Friday, August 5, 2011

Safe Boating During Seafair

Contributed by Norm Nyhuis, Trainer / Consultant, Evergreen Safety Council
 If you are planning on taking your boat out on Lake Washington to enjoy the Seafair Festivities take a moment first to insure your boat is properly equipped to make it a safe weekend.

You must have one properly sized life jacket (personal flotation device) for every person on board. Every life jacket is labeled by the manufacturer as to the size and weight of person it is intended to fit, correctly.

Don't make the mistake of thinking that a life jacket that will "support" an adult is certainly good for a child, who probably weighs significantly less than an adult. Children can easily slip out of a too-large life jacket, with all too often tragic results. Children below the age of 12 must wear their life jacket if they are on an open deck or in an open boat. There are no exceptions to this rule.

On a previous Seafair weekend several years ago, the patrol boat I was on encountered a sleek looking cabin cruiser, but the boat looked "odd". It was floating about a foot to a foot and a half lower in the water than its usual water line. Reason: there were nearly 50 people aboard a 36 ft boat. The boat was grossly overloaded, and to top it off the skipper could only produce 11 life jackets of any kind. Of the 11, two were found to be defective upon inspection, and therefore unusable. This cruise was immediately terminated, and the overloaded vessel was escorted to the nearest shoreline where all but a maximum of nine people at a time could be transported back to their home dock.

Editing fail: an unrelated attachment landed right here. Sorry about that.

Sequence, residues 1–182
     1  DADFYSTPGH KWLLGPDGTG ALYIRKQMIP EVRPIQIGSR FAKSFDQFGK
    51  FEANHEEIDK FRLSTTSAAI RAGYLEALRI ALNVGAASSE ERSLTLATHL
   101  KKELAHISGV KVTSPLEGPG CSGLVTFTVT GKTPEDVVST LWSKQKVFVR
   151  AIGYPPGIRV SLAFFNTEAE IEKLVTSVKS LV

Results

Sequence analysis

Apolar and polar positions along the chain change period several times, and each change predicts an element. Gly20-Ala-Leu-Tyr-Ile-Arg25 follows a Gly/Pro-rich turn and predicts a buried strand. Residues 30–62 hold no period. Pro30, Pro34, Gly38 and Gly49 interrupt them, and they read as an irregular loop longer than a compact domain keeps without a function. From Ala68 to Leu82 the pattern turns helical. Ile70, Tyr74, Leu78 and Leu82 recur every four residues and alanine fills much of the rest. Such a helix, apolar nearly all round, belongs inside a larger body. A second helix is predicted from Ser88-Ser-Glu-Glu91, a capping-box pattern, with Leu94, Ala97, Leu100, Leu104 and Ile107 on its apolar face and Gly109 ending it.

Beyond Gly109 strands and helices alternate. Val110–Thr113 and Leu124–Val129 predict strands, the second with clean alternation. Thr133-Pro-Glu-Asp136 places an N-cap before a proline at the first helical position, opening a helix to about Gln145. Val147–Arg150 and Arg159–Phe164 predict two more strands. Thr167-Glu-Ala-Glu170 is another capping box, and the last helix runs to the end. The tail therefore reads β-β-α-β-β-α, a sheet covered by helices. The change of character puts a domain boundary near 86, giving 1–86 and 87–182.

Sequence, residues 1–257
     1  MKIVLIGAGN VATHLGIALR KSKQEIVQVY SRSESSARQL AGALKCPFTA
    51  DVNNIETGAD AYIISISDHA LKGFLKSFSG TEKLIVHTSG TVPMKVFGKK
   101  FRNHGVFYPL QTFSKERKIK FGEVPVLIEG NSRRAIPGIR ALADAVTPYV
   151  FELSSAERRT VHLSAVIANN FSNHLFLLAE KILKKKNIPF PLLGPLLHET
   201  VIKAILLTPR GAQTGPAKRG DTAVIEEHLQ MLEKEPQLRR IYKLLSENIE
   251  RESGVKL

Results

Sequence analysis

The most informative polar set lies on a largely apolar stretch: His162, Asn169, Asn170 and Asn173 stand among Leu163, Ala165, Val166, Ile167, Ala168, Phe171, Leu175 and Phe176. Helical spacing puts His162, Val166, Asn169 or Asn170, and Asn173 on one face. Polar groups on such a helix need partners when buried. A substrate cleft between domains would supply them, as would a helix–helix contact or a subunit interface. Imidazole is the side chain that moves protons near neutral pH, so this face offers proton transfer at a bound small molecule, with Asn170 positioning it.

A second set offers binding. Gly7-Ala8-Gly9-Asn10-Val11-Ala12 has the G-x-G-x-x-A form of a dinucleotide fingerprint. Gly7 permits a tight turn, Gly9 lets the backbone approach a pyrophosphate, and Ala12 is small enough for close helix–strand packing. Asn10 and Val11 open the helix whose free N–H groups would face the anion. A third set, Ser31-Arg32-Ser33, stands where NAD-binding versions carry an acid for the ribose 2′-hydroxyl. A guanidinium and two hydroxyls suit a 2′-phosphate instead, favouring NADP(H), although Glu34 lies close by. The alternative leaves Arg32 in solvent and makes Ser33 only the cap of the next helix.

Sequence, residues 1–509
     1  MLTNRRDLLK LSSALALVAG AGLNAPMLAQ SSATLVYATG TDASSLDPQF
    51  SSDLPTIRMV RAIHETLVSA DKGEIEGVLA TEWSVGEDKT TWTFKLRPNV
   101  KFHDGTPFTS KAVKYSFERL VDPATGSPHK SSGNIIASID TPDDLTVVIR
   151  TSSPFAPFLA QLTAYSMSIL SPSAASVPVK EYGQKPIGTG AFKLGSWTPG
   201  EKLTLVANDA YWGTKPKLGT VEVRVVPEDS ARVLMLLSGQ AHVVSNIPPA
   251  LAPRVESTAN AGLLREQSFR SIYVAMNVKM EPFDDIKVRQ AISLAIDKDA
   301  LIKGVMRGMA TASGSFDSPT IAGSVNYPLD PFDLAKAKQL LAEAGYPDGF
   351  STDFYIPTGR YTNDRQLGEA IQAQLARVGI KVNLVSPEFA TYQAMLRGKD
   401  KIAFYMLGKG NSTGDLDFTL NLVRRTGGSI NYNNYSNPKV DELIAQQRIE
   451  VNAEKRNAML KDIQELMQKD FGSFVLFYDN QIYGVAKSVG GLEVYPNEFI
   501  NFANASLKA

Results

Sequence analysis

The skipper also appeared to have consumed a "cold one" or probably several "cold ones", so his wife assured us she could, and would, operate the boat, as she had not been drinking. The boarding officer gave them the benefit of the doubt, allowed the wife to take it back to shore to off load the extra people and the story should have ended at this point,

However, about two hours later the same boat - this time at least not overloaded - was seen being operated by the skipper who had been warned earlier about "drinking and driving". This time, the boarding officer placed the skipper under arrest, and since there was no one else aboard who had not been drinking - this man's wife was NOT aboard during the second encounter - the boat was taken in tow by a commercial towing vessel, back to their marina. As you can guess it was a very expensive lesson to learn.

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